The knees already looked slightly ungraceful on Hunk, yet here that’s compounded by some distinctly dodgy feet. The retooling is appreciated in bringing the cartoon design to life, yet in this case, it feels tacked on rather than integral to the design, and it leaves the new feet parts looking awkward but also quite unstable. Aussie struggles to hold a solid stance, given how much he wobbles around with such odd clompers.
Working our way up, one of the worst bits here is the crotch design, which features two very large hip flaps that barely even make an effort to move out of the way when you’re trying to articulate the legs. They look and feel hugely cumbersome and entirely restrict the forward hip movement. It’s an unfortunate bit of design, to say the least.
Even weirder, the head and accompanying ‘helmet’ section cannot move from side to side, though each bit is as inexplicable as the other. You would fully expect the head to be able to twist inside its casing somehow, yet it’s apparently stuck in place, whilst the bulkier outside section is hindered by the backpack and thus cannot move more than a few degrees either way. It’s not good.
To say I’m a bit disappointed is an understatement, especially as Hunk was a real highlight of last year for me. The transformation is so creative and unexpected, and I loved how both modes were realised, so Aussie cannot help but feel like his rather unfortunate long-lost cousin by comparison. It’s excellent that FansToys went to such efforts to differentiate the two, yet the actual result is so unexpectedly duff to handle that it feels like a bit of a wasted effort.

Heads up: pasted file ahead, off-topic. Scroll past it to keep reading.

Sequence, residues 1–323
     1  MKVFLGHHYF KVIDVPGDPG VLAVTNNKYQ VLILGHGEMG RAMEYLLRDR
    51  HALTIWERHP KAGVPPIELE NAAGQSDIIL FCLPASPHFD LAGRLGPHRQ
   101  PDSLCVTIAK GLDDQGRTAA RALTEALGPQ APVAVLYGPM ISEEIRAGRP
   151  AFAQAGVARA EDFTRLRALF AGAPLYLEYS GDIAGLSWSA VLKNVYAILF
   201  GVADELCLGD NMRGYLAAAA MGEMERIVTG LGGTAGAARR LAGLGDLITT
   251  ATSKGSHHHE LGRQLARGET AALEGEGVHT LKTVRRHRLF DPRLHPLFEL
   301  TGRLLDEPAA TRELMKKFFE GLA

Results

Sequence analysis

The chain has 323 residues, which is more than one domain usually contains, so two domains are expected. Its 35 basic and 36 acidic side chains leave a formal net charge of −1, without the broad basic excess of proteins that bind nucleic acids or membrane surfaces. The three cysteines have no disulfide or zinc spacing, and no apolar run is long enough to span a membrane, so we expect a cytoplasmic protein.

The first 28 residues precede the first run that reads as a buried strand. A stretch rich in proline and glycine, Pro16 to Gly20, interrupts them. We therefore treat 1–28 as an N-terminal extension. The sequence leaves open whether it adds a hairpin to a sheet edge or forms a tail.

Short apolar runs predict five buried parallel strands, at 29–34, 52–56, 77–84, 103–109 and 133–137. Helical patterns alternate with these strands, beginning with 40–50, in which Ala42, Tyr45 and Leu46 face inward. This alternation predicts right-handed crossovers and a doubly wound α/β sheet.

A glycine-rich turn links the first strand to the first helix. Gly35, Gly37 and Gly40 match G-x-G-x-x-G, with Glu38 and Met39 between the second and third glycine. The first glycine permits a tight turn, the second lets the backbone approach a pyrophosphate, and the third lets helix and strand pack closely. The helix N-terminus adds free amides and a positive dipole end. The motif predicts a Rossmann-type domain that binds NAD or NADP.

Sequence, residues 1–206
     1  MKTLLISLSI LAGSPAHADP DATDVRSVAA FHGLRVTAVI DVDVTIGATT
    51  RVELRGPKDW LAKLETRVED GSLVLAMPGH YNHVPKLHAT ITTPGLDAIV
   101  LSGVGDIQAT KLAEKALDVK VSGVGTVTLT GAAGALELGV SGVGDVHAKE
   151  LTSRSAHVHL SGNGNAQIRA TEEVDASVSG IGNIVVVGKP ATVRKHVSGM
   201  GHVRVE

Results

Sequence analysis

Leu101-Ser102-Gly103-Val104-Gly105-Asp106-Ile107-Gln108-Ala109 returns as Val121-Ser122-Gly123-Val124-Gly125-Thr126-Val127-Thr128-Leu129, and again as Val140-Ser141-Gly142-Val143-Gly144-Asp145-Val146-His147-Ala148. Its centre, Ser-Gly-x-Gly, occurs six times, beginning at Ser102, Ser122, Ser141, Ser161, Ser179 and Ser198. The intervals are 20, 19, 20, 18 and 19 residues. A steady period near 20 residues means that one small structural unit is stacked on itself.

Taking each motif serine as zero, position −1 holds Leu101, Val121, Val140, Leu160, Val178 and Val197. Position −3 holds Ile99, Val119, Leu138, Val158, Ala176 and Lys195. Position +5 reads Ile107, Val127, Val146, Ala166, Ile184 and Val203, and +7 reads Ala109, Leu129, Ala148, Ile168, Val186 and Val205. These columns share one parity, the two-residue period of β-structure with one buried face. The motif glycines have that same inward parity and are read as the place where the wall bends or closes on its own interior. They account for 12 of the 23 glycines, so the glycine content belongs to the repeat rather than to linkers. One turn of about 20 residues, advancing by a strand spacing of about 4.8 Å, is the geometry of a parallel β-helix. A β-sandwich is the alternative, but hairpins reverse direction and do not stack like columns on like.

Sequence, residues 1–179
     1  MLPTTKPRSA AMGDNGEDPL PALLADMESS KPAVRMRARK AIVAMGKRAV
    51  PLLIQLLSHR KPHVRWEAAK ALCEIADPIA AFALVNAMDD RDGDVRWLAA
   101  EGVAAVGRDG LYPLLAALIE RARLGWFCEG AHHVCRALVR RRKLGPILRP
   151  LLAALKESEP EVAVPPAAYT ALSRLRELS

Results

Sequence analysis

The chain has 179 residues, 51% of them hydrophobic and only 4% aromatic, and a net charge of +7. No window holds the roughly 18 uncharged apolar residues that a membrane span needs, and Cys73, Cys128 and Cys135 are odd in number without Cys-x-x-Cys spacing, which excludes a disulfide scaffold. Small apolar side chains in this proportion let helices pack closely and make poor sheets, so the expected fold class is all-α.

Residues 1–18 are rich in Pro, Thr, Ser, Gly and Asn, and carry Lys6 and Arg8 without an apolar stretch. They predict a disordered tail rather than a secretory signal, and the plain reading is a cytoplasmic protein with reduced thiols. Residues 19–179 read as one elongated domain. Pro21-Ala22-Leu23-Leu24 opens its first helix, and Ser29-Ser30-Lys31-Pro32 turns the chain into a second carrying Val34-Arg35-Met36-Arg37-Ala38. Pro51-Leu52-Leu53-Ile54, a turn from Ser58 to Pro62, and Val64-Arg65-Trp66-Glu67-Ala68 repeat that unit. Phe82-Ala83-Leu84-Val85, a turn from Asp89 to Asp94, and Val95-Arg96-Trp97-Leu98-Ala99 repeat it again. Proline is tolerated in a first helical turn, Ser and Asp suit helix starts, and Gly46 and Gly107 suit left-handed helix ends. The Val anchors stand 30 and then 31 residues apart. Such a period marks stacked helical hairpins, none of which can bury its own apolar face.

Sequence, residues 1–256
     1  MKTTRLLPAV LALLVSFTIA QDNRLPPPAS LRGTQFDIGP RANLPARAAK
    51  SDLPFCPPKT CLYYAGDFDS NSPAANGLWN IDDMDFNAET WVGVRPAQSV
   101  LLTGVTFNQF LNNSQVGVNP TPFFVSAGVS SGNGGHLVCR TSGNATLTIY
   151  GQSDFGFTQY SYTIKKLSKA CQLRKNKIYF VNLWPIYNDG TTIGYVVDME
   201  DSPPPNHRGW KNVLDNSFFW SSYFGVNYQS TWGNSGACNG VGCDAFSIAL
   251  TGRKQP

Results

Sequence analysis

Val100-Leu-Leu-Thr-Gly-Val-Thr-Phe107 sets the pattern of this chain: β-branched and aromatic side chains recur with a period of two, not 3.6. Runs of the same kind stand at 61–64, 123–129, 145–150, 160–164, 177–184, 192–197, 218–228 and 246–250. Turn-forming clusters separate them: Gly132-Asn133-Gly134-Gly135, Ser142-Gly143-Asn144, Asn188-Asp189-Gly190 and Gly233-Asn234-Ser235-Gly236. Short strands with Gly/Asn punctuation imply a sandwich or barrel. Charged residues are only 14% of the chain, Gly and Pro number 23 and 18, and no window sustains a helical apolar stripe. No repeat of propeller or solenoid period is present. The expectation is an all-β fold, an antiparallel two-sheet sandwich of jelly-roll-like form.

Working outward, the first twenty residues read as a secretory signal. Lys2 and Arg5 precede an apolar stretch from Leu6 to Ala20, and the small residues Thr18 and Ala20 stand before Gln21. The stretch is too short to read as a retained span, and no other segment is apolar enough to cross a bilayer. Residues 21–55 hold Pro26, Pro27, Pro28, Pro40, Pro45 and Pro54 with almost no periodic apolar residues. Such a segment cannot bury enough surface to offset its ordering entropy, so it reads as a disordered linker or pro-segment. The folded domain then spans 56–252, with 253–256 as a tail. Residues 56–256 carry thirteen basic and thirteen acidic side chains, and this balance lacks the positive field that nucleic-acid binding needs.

On the plus side, another very neat accessory is on offer here, which is meant for use with Hunk. It’s a recreation of Megatron’s fusion cannon but scaled to match the scene from Fire on the Mountain, where Brawn briefly wields it. It fits very neatly on Hunk’s shoulders, but in a neat twist, it can also be extended and slotted onto the arm of MP-36 Megatron. There’s even a light-up feature, so that’s kind of fun.
And hey, even if Aussie may not be all that much fun to handle, he at least does a good job at recreating the animation look of the character, which may well be all that some collectors need him to do. The appeal of this toy increases immensely once you line him up with any other number of Masterpiece-styled toys and attempt a cartoon homage.
Besides, it’s by far and away a more screen-accurate take versus the previous offering of Badcube’s Backland, which looks very squat and chonky by comparison. I have enjoyed this toy a fair bit over the years, yet the appeal of Aussie’s appearance is reasonably distinct here. As much as Backland is arguably the more solid option, I’d say Aussie is more fun to transform, too.
In that way, I almost feel like I’ve been too harsh on this figure, given that it does some aspects of its job very well, and especially considering what a bizarre inspiration Outback is to start with. It’s still possible this may well end up being the best outing the character will ever receive in Masterpiece-style, which, at least in some weird way, feels rather fitting, I suppose.
It also means that Aussie stops short of being a total dog’s breakfast, even if he’s not quite the hunk he could have been.
WHAT’S HOT? The vehicle mode is pretty fab and the transformation is fun. The robot mode looks a lot like the cartoon.